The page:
In 2008, COEJL, JCPA and the 10 other organizations that convened on these issues endorsed the need to increase fuel economy, encourage use of alternative energy sources, adopt a renewable-electricity standard that would require 15 percent of domestic electricity production to come from renewable sources, and continue exploration and investment in biofuels. The move toward a federal renewable energy standard became part of a larger effort for comprehensive national climate change and energy policy, which unfortunately stalled in Congress in 2010. Nonetheless, more than 30 states within the United States now have similar standards in place.
Meanwhile, the focus of national policy has turned toward various calls for a “Clean Energy Standard” — setting a legal minimum for domestic clean energy generation. The name itself also refers both to Congressional bills and counter-proposals sponsored by Senators Jeff Bingaman, Sam Brownback and Lindsey Graham in 2010 and early 2012, as well as to a commitment made by President Barack Obama to ensure that 80 percent of the country’s electricity comes from low-carbon sources by 2035. The bills have defined both the clean energy percentage as well as the term “clean energy” itself differently, drawing upon a basket that includes solar, wind, biomass, hydroelectric, nuclear, natural gas and so-called “clean coal” — burning conventional coal but using new technologies to reduce the amount of pollution released into the atmosphere.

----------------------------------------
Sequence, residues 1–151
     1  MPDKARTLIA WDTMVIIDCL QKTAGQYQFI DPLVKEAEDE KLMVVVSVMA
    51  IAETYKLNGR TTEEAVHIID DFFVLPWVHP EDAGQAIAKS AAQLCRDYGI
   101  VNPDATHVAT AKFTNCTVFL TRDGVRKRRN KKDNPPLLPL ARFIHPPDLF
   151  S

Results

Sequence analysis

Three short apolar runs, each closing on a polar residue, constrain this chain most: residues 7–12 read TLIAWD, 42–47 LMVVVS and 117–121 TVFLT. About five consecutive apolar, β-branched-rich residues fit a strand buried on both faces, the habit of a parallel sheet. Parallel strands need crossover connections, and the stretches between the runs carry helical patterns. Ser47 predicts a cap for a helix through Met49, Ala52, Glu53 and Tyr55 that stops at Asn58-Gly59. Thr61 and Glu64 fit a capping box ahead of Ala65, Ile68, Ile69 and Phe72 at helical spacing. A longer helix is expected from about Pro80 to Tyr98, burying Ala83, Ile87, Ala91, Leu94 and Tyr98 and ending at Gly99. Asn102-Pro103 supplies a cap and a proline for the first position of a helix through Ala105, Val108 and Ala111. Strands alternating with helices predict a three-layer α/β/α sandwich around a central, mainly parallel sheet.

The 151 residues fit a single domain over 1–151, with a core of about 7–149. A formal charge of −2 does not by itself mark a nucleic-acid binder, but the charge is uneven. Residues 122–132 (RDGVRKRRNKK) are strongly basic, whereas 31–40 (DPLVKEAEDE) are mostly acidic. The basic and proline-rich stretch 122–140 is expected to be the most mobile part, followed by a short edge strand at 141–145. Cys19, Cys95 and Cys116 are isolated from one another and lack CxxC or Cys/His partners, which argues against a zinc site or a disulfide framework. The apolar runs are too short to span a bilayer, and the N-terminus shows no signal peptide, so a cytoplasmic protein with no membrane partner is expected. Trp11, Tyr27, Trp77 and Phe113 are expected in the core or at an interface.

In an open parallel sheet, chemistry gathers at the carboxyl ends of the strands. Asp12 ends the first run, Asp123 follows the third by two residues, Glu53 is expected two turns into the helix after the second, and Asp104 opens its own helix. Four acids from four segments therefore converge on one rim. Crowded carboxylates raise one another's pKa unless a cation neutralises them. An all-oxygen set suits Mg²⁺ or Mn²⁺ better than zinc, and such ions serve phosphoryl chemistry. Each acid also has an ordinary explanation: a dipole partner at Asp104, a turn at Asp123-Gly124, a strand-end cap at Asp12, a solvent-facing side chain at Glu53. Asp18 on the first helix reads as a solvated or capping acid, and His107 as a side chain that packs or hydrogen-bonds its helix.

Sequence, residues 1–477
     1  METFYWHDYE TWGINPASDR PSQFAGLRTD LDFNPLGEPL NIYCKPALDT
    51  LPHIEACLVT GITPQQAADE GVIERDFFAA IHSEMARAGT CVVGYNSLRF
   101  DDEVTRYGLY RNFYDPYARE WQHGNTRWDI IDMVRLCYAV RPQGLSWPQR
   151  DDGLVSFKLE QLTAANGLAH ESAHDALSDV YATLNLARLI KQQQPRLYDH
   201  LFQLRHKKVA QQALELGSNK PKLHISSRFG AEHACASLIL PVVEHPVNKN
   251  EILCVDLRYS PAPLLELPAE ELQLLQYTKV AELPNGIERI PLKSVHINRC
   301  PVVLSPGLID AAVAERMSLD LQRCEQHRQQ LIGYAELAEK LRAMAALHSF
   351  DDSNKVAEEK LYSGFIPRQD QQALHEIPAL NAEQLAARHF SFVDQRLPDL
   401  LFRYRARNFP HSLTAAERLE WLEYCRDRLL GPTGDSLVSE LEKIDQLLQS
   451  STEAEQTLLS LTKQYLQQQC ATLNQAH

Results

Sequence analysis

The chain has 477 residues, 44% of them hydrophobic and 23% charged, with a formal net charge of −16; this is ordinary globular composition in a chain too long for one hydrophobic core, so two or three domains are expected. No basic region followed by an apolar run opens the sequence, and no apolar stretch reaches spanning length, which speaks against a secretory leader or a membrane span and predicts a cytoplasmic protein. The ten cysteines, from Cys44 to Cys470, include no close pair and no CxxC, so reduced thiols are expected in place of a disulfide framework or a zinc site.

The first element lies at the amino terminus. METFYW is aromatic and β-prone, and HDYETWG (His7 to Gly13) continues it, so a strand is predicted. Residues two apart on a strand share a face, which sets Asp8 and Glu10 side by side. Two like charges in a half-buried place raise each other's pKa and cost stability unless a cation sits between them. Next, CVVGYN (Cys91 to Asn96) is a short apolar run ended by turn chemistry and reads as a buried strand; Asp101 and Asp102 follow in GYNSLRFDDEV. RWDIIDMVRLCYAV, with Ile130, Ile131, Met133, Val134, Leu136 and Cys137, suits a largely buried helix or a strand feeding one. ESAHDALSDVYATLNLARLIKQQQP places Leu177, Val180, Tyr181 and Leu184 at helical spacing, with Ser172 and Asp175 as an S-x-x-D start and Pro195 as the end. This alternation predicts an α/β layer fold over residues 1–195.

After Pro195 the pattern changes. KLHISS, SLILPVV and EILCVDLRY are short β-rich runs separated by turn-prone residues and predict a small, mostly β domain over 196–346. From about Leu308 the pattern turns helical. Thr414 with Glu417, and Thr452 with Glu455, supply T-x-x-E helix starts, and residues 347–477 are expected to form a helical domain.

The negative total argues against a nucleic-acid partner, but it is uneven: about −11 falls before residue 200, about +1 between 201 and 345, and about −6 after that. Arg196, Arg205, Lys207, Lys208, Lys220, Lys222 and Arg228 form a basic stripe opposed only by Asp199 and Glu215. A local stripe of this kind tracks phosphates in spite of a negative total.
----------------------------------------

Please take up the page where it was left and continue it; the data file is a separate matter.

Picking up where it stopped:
Discussions about these standards have been overshadowed by 2012 presidential campaign politics. While some of the principles involved have bipartisan support, it is unclear whether such legislation can pass in a campaign year, as recent efforts at reducing national greenhouse gas emissions have been unable to survive partisan politics.
Further, it remains unclear how much support such legislation will lend to developing renewable energy. Renewable energy includes technologies that are sustainable and naturally renew